“The penetration, no matter how slight, of the vagina or anus with any body part or object, or oral penetration by a sex organ of another person, without the consent of the victim.”
These days it’s being mulled a rape if a husband inflicts himself upon his wife against her will, even if she yields under duress of certain outmoded norms of allegiance. Yielding under certain duress, economic or other, does tantamount to being raped.One would, however, make a distinction betweenThe change of Philomel, by the barbarous kingSo rudely forced;andShe turns and looks a moment in the glass,Hardly aware of her departed lover;Her brain allows one half-formed thought to pass:“Well now that’s done: and I’m glad it’s over.”CROn Wed, Oct 9, 2019 at 11:39 AM Nancy Gish <[log in to unmask]> wrote:Dear Tim,I think it is what now gets called "date rape." My students tend to agree on that. Also, terms and ideas about what constitutes "rape" have changed a lot in #MeToo. The idea that it is entirely a woman's responsibility to stop an asssult (Eliot's word) is gone with Harvey Weinstein et. al.Cheers,NancyOn Wed, Oct 9, 2019, 11:31 AM Materer, Timothy J. <[log in to unmask]> wrote:I’m offering an adult ed (Osher) class on Eliot, and yesterday we discussed the Typist and Clerk passage. I of course related the situation to the Philomela story and other related passages and raised the issue of whether the typist was raped. One woman said that she was not b/c the typist offered no real resistance and was not forced, and the class (15) accepted that view. But I plan to return to the issue next class with the question of whether economic (she’s a typist in a bed-sit) and patriarchal forces were in play, which would amount to duress and thus rape.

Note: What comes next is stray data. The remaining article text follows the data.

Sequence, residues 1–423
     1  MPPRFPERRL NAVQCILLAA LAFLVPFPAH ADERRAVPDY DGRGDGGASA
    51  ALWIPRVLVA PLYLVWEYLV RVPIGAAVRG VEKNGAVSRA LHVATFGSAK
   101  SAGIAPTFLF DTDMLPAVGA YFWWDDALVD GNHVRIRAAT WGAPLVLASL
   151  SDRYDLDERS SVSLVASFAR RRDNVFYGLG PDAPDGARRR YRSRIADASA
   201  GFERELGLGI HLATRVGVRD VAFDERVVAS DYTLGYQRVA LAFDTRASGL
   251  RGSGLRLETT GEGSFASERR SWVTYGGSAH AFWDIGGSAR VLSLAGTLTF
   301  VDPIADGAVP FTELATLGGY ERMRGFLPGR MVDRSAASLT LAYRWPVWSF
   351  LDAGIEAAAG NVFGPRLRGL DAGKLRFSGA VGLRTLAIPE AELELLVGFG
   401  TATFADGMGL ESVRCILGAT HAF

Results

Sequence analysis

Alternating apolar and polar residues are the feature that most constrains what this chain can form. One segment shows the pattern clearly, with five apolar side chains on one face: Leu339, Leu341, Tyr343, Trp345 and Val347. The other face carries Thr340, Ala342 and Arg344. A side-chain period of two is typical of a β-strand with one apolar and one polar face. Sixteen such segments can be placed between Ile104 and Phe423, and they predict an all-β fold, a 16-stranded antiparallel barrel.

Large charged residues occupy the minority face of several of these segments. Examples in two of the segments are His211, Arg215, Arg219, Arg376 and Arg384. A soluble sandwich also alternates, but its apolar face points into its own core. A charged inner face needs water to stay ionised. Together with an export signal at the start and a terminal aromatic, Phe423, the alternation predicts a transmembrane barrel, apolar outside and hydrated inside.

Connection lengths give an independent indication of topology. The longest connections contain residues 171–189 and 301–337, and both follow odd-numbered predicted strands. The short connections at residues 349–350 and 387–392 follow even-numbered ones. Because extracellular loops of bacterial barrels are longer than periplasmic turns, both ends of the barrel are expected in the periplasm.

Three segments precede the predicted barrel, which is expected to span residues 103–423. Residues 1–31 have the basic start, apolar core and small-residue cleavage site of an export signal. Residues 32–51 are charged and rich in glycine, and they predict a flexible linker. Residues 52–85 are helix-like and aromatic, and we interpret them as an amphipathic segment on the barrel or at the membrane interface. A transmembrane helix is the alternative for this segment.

Maybe some of you could offer some tips about how to approach the issue.